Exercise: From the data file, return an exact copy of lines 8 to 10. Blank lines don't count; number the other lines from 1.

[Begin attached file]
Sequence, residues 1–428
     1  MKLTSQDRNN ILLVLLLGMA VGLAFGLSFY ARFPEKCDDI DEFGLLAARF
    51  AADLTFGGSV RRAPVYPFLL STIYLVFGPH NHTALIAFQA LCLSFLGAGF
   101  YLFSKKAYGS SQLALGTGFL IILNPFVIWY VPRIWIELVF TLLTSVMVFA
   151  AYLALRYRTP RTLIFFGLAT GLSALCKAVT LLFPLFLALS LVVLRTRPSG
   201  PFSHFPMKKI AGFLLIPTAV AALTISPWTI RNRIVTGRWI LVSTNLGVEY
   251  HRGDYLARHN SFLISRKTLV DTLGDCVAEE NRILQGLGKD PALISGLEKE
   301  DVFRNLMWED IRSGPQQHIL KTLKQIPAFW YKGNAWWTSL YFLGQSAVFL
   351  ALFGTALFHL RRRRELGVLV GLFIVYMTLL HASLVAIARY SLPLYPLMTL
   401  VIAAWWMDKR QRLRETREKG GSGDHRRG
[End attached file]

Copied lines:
   301  DVFRNLMWED IRSGPQQHIL KTLKQIPAFW YKGNAWWTSL YFLGQSAVFL
   351  ALFGTALFHL RRRRELGVLV GLFIVYMTLL HASLVAIARY SLPLYPLMTL
   401  VIAAWWMDKR QRLRETREKG GSGDHRRG